The mother whose son Michael Brown was shot to death by a Ferguson police officer in 2014 urged a Senate committee to require police to wear body cams.
Wrap: Michael Brown's mother, Lezley McSpadden, said that video footage of the police encounter that lead to her son's death would have given her the closure she said she will never have.
She testified before a hearing of the Senate Transportation Committee:
|Description: It has been 557 and I am still left with the mystery of what happened to my son.|
The bill would make it a requirement for police in Missouri's five largest cities to wear body cameras while on the job.
The bill's sponsor said it would promote greater police accountability.
But a couple of committee members questioned the costs of requiring body cams and privacy concerns if the videos became public.
Police in Missouri's largest cities would be required to wear body cams under a bill presented to the Senate Transportation Committee.
Wrap: The bill is sponsor by St. Louis Democrat Jamilah Nasheed.
A couple of committee members voiced concerns about the costs to local police departments to pay for the body cams.
But Nasheed said the bill has faced legislative backlash for a different reason.
|Description: I think the main opposition is ignorance. The lack of need for body cameras.|
The mother of Michael Brown who was shot dead by a Ferguson police officer two years ago testified in favor of the bill. She said body cameras would increase police accountability and neighborhood safety.
The mother whose son was shot to death by a Ferguson police officer urged a Senate committee to require police to wear body cams.
Wrap: Lezley McSpadden told the Senate Transportation Committee she still does not know exactly what happened on the night of her son's death in 2014.
She encouraged legislators to pass the bill to create a safer community by requiring body camps.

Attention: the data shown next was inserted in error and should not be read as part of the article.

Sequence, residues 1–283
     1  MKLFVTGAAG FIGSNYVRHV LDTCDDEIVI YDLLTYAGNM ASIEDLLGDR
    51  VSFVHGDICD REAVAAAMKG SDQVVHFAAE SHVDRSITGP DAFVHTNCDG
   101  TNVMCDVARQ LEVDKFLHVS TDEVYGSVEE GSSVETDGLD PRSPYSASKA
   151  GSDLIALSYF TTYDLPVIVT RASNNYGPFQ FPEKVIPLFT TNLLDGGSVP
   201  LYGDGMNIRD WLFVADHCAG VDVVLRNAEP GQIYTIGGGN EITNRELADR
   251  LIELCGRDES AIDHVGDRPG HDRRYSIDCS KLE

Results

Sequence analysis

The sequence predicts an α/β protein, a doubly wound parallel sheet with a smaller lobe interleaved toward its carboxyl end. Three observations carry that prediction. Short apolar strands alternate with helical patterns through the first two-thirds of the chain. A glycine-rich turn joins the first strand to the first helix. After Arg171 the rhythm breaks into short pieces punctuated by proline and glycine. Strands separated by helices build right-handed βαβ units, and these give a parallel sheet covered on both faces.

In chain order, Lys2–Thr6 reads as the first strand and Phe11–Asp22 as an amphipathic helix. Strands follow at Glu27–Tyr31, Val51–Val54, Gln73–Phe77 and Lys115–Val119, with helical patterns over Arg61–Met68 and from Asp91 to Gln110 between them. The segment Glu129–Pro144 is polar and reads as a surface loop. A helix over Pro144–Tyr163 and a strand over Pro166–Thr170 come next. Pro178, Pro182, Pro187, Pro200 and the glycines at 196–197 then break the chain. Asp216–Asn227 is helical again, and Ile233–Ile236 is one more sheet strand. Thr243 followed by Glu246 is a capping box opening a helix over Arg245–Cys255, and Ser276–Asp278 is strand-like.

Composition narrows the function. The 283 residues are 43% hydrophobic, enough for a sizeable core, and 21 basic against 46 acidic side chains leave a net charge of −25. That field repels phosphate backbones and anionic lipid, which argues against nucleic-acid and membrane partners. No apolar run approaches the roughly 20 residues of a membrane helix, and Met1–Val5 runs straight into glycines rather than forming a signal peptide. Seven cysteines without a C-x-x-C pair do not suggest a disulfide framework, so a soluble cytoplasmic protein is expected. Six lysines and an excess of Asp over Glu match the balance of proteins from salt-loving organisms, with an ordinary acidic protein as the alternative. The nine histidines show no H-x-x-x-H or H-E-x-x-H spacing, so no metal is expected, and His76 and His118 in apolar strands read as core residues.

|Description: And please know that this isn't a black and white issue, this is a right and wrong issue. And I'm asking you today, will you stand on the side of what's right?|
But committee members raised concerns about the costs of the requirement and protecting the privacy of video that would be captured of crime victims and bystanders.
No representative of a police union testified. The committee did not take an immediate vote on the bill.
No members of any police unions were present to testify against a bill that would make it a requirement for police to wear body cameras, but the mother of a St. Louis area police officer testified in favor of the bill.
Wrap: Phyllis Scales, whose child works as a police officer in the St. Louis area, said she supports the bill because it provides protection for police officers.
She said she feels the bill works in favor of both police and civilians.
|Description: I feel for all parents that get a call where their childs been shot by a police officer. But I also feel for the parents that get a call that a police officer has been shot. So I would like both sides of the spectrum to be looked at today.|
Some police representatives have previously expressed a disinterest in having cops so closely monitored, but no one representing police was at the hearing to testify against the bill.